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Preserving and showcasing architectural heritage

From July 2014 to January 2015, The University of Glasgow Hunterian Museum and Art Gallery presented the exhibition, Mackintosh Architecture, which celebrated the work of the internationally renowned Scottish architect and designer, Charles Rennie Mackintosh.


It showcased the results of Professor Pamela Robertson’s AHRC funded project, ‘Mackintosh Architecture – Context, Making and Meaning’, delivering the first authoritative survey of Mackintosh’s architecture. The exhibition brought together over 80 architectural drawings, specially commissioned films and models as well as archival material and related designs. Visitors to the exhibition in Glasgow and its London showing at the RIBA (March 2015 to May 2015) totalled nearly 50,000. The showings received widespread coverage and reviews across all formats of the media receiving a four star review in the Scotsman. The Guardian commented of the London exhibition, “a brilliant show that… exposes the raw talent of Mackintosh the architect, through the original drawings of his buildings alone”.

Mackintosh Architecture exhibition. The Hunterian, University of Glasgow 2015.

Research data helps in restoration

The research data was of immediate help in the aftermath of the devastating fire in May 2014 which had seriously damaged what is widely considered to be the architect’s masterpiece, the Mackintosh Building of the Glasgow School of Art. Subsequent efforts at restoration have drawn considerably on the resources and expertise made easily available through the project. Ranald MacInnes of Historic Scotland commented “The project has amassed a huge amount of Drawings and information about Mackintosh’s working methods, but also about the detailing of his buildings. After the recent tragic events at the School of Art… we were able immediately to interrogate these drawings on site and it will help immensely to plot the progress of the restoration project going forward.”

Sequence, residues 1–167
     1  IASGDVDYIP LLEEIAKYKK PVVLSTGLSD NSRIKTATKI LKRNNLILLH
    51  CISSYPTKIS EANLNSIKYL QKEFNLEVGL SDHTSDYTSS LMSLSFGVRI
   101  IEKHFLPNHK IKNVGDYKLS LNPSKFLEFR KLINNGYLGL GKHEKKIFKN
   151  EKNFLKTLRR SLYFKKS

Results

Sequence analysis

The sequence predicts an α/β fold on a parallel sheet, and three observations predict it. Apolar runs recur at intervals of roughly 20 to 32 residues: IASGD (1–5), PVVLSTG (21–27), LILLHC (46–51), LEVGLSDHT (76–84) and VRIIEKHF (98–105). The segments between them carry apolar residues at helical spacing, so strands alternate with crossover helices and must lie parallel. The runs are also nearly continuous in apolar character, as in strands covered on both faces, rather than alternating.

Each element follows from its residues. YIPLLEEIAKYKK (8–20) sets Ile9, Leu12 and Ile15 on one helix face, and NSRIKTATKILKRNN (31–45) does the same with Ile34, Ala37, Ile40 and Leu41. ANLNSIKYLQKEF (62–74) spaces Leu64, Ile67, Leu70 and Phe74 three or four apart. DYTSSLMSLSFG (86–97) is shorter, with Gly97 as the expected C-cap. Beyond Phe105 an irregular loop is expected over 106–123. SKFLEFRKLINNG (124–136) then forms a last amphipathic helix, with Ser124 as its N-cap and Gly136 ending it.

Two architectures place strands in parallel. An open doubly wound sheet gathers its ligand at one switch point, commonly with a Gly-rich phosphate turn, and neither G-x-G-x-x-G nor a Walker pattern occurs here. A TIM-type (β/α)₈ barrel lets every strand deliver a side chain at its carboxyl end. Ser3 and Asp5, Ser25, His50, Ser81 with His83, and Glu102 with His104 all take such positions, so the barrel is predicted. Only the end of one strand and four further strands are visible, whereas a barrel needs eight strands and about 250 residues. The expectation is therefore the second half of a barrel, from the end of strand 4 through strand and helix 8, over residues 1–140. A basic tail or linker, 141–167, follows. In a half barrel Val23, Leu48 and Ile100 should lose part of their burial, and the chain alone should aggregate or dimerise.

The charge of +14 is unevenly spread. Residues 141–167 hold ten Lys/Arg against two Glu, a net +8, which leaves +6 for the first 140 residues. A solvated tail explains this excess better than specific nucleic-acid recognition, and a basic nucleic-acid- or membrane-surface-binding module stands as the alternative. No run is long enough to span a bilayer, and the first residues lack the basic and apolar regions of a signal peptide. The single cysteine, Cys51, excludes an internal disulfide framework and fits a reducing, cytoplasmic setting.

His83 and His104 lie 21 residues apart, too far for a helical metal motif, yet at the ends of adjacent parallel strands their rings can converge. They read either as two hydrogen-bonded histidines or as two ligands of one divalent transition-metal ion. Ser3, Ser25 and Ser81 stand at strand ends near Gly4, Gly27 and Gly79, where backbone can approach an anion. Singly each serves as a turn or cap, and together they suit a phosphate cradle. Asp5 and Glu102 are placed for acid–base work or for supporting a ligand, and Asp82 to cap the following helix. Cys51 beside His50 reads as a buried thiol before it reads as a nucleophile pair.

Adding to the ongoing impact of the original project, the project has supported research and conservation at the Glasgow Art Club, The Hill House and The Willow Tea Rooms. It also provided illustrations and text for 32 buildings of architectural interest to deliver the ‘Sauchiehall Street: online walking tour’ and the basis for the exhibition ‘Making the Willow Tea Rooms’ which was seen by 11,650 visitors. In July 2014 an online resource was launched providing a rich illustrated catalogue of Mackintosh architectural projects and drawings containing over 3000 images, 250 biographies and an interactive map. This innovative research project and its accompanying events have reintroduced Mackintosh’s achievements as an architect and provided a new focus on Glasgow’s historic position as one of the UK’s leading Victorian cities.

This case study was featured within the AHRC 2014/15 impact report. (PDF, 7.7MB)

For more information on the project visit: Mackintosh Architecture: Context, Making and Meaning

Gateway to Research Project Link: Mackintosh Architecture: Context, Making and Meaning (May 10 - Dec 14)

Written by: Jordan Lips